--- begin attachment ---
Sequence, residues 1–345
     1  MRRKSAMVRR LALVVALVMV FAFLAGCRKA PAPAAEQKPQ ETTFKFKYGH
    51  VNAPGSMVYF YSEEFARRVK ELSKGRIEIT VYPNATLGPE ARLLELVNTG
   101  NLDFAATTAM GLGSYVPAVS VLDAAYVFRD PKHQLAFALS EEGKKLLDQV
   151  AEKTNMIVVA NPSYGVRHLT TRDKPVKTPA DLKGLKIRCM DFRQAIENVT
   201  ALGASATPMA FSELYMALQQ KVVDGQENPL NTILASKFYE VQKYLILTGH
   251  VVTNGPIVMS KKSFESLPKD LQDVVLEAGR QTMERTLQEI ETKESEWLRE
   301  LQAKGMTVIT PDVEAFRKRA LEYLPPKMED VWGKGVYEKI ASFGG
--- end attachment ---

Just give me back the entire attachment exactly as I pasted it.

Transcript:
Sequence, residues 1–345
     1  MRRKSAMVRR LALVVALVMV FAFLAGCRKA PAPAAEQKPQ ETTFKFKYGH
    51  VNAPGSMVYF YSEEFARRVK ELSKGRIEIT VYPNATLGPE ARLLELVNTG
   101  NLDFAATTAM GLGSYVPAVS VLDAAYVFRD PKHQLAFALS EEGKKLLDQV
   151  AEKTNMIVVA NPSYGVRHLT TRDKPVKTPA DLKGLKIRCM DFRQAIENVT
   201  ALGASATPMA FSELYMALQQ KVVDGQENPL NTILASKFYE VQKYLILTGH
   251  VVTNGPIVMS KKSFESLPKD LQDVVLEAGR QTMERTLQEI ETKESEWLRE
   301  LQAKGMTVIT PDVEAFRKRA LEYLPPKMED VWGKGVYEKI ASFGG